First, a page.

Thursday, November 28, 2013

November 28, 2013

Black Friday is fast approaching and consumerism reigns supreme.

Sunday, November 24, 2013

November 24, 2013

Happy Thanksgiving!  Wishing everyone all the best as we move into this Holiday Season.

Sunday, November 17, 2013

November 17, 2013

It is amazing how compact cameras and phone cameras have changed the image making process and the ability to capture easily and instantly events that happen. These small hand held cameras are excellently adapted to making people shoot only one way.  Follow the arrows to the sign at the monument, where it states best view here!  

Prior to the small compact cameras and phone cameras, taking images of yourself (other than from a reflective surface) with a bulky 35mm camera was difficult, because it was hard to hold with one hand and awkard at best with two hands (the weight would surprise you) and keep it steady and then press down on the shutter while trying to maintain focus.

We all want a physical memory of where we were at moment in time, especially on a vacation trip, but how to get a clear image and also include some of the scenic background that states: "Yes, I was here!"  Well, a lot of the time you had to rely on strangers to take the photo for you. This interaction was part of the photo taking process.  Sometimes this asking, relying on another, became frustrating because you never knew if the helpful stranger understood what he was doing with your camera.

The conversation would go like this: stranger, after studying your camera quizzically, "Are you ready? I'll  count to three and take the photo, 1.. 2... and...."  [click went the shutter]
It was a little exciting, since you never knew exactly when the helpful stranger would take the photo.

Later, when you picked up your pictures, you always look tentatively for that image. Invariably you would get images back with your eyes closed or tongue out or looking away,  but that was the fun of it, seeing that image and all the memories it brought back, however embarrassing.

This interaction with others also made one aware of the community we all live in, no matter where you were.  The important thing was, a stranger's response to your needs and the willingness to help out with that picture. There was an anticipation and nervous energy that fed each others enthusiasms for photography.

These days it seems, a self portrait is taken with your arm extended at a high angle looking down, with you and your friends smiling up at the camera phone. The click of the shutter means the image making process is done.  This ability to "do it yourself" empowers a person not to rely on anyone else for his/her photo needs but also reaffirms mans adaptation to new technologies.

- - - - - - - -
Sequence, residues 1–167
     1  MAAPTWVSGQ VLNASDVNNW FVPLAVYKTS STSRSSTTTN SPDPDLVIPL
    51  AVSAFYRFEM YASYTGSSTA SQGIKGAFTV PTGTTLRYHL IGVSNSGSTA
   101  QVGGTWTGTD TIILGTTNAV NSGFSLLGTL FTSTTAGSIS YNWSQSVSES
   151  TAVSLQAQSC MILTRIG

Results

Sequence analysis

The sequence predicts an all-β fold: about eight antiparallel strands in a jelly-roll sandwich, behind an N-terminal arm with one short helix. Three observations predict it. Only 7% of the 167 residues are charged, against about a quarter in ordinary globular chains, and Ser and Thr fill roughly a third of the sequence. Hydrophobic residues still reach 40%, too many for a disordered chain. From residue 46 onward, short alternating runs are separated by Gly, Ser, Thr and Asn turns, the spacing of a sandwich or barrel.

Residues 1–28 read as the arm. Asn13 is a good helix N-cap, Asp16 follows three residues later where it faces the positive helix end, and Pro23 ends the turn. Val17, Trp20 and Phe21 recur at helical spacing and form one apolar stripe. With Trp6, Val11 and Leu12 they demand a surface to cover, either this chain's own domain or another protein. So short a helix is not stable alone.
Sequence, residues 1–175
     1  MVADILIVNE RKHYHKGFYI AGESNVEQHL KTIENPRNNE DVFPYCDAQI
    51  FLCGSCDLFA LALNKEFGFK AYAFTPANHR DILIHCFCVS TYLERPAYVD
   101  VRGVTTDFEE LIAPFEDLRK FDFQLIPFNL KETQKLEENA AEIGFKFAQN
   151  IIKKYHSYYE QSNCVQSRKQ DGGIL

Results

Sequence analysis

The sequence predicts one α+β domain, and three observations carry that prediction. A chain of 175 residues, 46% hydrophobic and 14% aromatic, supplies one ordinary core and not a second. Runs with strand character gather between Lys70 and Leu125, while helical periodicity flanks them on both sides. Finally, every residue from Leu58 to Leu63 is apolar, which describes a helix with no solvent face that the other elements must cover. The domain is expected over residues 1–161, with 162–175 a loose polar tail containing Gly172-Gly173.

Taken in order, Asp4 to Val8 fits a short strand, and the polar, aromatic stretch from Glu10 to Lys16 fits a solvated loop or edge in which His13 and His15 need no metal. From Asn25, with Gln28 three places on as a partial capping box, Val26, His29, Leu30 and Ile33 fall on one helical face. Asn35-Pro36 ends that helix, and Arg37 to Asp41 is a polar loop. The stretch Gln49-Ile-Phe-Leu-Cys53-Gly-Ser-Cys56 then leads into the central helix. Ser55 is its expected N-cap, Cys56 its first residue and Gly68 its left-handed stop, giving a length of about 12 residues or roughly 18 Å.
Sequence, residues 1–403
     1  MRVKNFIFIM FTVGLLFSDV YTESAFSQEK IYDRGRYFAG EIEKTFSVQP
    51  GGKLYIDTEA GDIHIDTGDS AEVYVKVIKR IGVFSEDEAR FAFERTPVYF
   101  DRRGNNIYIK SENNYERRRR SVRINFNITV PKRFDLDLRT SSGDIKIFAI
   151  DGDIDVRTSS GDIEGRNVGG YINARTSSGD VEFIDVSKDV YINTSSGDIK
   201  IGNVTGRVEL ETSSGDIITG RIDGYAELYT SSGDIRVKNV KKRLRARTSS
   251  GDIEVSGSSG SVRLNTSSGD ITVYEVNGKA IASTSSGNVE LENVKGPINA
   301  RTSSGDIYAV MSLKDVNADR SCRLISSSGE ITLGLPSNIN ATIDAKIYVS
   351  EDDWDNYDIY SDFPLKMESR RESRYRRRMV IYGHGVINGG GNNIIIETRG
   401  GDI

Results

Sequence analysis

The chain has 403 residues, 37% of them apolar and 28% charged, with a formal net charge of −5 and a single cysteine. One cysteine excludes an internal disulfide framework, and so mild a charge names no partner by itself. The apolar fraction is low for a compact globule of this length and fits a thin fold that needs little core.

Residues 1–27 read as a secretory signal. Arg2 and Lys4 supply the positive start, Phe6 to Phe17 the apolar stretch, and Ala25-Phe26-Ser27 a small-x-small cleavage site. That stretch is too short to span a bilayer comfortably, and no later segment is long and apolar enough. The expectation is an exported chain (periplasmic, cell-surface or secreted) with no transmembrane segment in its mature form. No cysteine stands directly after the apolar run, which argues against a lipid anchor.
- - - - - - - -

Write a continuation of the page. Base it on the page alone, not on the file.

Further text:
Once the image has been taken, it is immediately sent out to friends and family on the web. These pictures are taken not for the purpose of self realization or to witness and document an event, but to have the world look at you and see that you are having fun in that nano second of exposure. It seems that to slow down and actually "see" the subject in front of you is secondary to the neediness to be seen.  And there is this willingness to exchange real communication with others for this self delusion of feeling wanted and appreciated through this overpowering social media experiment.

I was out shooting a while ago in a pumpkin patch and a couple actually walked up to me and asked me if I would take a picture of them standing in the field full of pumpkins.  I was totally amazed when they handed me their cell phone.  It felt like the old days and I thanked them before they thanked me.

Saturday, November 2, 2013

November 2, 2013

What does it feel like to be a photographer in today's topsy turvy stock photo industry?  Can we actual see a visual of ourselves that represents the fast past advances in technology that seem to happen every week that drive us ever forward to an information overload?  The stock photographer is a dinosaur left out in a field replaced by forces beyond their control. These forces have overwhelmed her/him and made photography content so accessible that pricing standards became obsolete.